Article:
Growing your team in 2022

Post pandemic world is opening an infinite array of options for the up-and-coming ventures when it comes to how to structure their teams. Pre-pandemic rare were the cases when we saw a series B Fintech operating with a fully distributed team – now this becomes normality. Seed to growth-stage startups have an incredible luxury – freedom of choice on how they wish to structure their team and what culture they wish to hone both now and in the near future.

Here are 3 core options teams usually think about:

  1. Co-locate the talent in one central or regional office, relocating talent from abroad to join your team full time, all working on-site with various degrees of home-office present (from 10-100%, aka hybrid model majority of corporates are now open to). 
  2. Hub-it out – create the teams around the geographies that have strong talent in the niche you are after. This can work for the whole department, smaller product teams, or subject matter experts. Example: Product team in London, Engineering team in Poland, Sales team in Portugal etc. 
  3. Distribute partially or fully, opening up to the talent from abroad without relocating them. The remote-first company.

Based on the industry and the talent you need to attract to make your product a success, here are the few things to consider before you make a decision:

  1. Relocation cost to candidates and to the startup. Pandemic brought families closer together – as an overseas example 60% of Americans attributing to the statement. The emotional cost of relocation, the stress involved in it, and the hassle of your whole family members changing jobs, schools, kindergartens can be overwhelming to the extent that one will no longer consider relocating, even for a perfect role. The financial cost of relocation and compensation increase needed to consider the switch is becoming larger as the talent places a higher value on comfort and flexibility.  In the market where many opportunities are open to remote work with some degree of travel, the positions that offer lifestyle-oriented flexibility will win in the war for talent. For some niches like product, engineering, and marketing remote is an expected parameter and no longer is a competitive differentiator.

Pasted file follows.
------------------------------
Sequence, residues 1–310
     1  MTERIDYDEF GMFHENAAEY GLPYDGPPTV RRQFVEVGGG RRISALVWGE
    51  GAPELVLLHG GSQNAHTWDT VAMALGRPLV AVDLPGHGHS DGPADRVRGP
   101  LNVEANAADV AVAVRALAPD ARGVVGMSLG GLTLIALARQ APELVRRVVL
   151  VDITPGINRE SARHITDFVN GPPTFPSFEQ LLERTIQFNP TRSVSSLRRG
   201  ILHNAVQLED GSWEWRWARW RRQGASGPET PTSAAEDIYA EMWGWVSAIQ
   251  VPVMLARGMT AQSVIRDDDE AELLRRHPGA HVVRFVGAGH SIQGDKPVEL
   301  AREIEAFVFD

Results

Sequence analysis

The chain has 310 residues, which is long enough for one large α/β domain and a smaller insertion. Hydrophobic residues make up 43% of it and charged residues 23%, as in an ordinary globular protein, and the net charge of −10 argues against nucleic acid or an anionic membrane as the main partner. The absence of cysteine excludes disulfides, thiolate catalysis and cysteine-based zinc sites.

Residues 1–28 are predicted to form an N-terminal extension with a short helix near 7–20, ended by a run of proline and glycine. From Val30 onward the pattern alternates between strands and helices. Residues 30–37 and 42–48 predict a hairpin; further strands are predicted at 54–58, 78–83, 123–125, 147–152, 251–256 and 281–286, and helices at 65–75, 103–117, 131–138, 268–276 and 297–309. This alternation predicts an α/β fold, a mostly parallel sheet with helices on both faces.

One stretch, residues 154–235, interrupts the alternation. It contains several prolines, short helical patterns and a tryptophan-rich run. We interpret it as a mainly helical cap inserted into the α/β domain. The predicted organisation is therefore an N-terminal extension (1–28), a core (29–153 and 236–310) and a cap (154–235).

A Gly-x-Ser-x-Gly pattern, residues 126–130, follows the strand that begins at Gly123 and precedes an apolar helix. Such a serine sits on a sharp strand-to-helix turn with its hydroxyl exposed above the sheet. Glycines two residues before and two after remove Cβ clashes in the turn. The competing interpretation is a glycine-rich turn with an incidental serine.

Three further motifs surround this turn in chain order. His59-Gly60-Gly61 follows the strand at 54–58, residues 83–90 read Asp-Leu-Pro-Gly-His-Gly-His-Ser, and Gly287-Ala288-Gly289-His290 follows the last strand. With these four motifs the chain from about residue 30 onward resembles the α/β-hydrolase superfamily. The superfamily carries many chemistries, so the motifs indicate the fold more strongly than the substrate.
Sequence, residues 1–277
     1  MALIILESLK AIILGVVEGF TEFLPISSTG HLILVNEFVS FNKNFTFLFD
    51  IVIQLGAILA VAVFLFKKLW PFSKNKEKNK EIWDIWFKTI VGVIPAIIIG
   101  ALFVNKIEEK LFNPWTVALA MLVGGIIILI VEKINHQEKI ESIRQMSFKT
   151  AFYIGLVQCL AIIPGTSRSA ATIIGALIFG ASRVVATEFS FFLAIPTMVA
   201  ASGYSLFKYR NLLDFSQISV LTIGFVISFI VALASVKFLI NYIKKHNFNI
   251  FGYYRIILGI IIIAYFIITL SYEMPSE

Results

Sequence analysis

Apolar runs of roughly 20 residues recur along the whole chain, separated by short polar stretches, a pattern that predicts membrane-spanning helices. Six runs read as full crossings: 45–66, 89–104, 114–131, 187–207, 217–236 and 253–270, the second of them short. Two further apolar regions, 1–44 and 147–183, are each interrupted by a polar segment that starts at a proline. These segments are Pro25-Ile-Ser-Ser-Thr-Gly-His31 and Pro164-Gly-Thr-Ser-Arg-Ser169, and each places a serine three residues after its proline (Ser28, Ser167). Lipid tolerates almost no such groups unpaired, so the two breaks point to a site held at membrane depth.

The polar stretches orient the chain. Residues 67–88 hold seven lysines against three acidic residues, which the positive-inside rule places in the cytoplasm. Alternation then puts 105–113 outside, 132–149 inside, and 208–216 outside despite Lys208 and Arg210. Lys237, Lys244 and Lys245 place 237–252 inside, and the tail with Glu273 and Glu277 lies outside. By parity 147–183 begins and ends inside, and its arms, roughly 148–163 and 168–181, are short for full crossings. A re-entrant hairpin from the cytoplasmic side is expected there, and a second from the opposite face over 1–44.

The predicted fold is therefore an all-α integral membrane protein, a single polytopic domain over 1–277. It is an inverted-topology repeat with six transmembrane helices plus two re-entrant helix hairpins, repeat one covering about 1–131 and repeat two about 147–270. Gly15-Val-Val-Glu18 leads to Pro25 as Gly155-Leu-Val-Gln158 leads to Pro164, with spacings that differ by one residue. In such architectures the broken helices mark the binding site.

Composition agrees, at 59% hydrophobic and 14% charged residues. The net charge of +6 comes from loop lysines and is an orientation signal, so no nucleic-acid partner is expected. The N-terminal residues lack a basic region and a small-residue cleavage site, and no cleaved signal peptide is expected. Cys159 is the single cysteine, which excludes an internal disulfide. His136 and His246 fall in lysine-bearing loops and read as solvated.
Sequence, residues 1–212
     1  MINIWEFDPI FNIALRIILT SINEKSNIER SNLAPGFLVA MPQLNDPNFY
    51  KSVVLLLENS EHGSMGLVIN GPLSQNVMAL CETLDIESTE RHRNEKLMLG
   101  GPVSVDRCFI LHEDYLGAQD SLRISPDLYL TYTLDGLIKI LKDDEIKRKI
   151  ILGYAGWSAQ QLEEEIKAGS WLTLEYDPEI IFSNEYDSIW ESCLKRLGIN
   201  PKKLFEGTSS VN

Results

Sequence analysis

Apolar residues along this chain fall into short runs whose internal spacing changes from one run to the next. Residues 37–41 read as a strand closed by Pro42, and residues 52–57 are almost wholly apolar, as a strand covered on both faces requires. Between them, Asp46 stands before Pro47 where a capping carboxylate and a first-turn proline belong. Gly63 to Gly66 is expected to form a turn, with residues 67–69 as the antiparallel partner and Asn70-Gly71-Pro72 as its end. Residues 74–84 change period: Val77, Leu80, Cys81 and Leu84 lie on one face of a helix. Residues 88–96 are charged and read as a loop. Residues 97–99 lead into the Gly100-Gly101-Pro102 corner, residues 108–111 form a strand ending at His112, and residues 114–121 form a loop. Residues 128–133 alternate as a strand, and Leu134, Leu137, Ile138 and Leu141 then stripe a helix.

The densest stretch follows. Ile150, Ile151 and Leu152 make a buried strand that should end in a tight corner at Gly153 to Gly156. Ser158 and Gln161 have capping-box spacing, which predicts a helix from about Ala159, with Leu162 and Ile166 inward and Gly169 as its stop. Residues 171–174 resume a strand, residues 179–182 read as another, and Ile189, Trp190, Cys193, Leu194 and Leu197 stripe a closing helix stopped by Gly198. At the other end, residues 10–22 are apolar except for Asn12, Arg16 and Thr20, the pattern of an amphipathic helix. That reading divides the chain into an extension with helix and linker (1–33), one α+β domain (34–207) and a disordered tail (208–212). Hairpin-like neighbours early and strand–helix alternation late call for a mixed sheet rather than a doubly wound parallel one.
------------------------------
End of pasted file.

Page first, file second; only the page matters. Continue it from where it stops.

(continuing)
2. Your talent pool. If your talent niche isn’t located in your geography it will prove to be difficult to have one move to your location. Pre-pandemic this was a difficult but doable task for some levels of seniority (mainly due to the family status), post-pandemic, the talent pool will favour the environments they know and their established social ties. Es an example we recently spoke with 6 Google developers and Data Scientists, all are working remotely and will not consider coming back to the office. They are also receptive to leaving Google if that will become a mandatory ask. When it comes to engineering and product it helps to remember that we are in a talent-driven market. 
  3. The generation you are hiring. Consider the preferences and communication styles of the generation that is coming in or already is a part of your workforce. How will it change in the coming 3-5 years? Plan for the upcoming changes to attract and retain the up-and-coming talent in your teams.
  4. Disability inclusion. We aren’t talking about this enough. The shift in the past year to remote work opened opportunities for those that had been previously excluded from the workforce. According to a 2020 survey by Stack Overflow, an online community for developers, 5.4% of 45,446 respondents identified themselves as having a concentration or memory disorder, like ADHD. 2.3% identified as having autism or an autism spectrum disorder. Quiet spaces can make a big difference. The unemployment rate for disabled women and men pre-pandemic kept still at 53.2 and 54.4%.
  5. Culture. There are various things you can do online to keep the company culture thriving – from 9 am coffee meetings to quarterly physical getaways. A big part of supporting the culture is placed on your leadership and how they are enabling the success and communicating with their direct teams, be it online or offline. I would argue that it is lthe eadership, not the location per se that affects your culture. If you embrace remote and open the door for feedback and suggestions on how to make it work for all your employees, you can create a culture of trust and responsibility, where employees feel empowered, not watched over.
  6. Your determination to hire A players. In geographic areas where talent pools in given niches are rather condensed and the requirements for the role are exact, it is likely that teams will need to widen the net and the outreach to find the perfect fit to the role they wish the individual to occupy – this requires flexibility in location and respective adequate compensation, which is not always being considered by some leadership teams.

What do you think is the future of the remote?

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